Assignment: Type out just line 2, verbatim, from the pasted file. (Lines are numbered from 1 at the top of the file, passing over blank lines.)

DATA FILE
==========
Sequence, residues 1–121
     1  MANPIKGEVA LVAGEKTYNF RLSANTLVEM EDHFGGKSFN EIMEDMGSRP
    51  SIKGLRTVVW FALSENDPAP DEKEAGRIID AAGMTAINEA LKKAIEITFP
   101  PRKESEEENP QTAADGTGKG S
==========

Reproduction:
     1  MANPIKGEVA LVAGEKTYNF RLSANTLVEM EDHFGGKSFN EIMEDMGSRP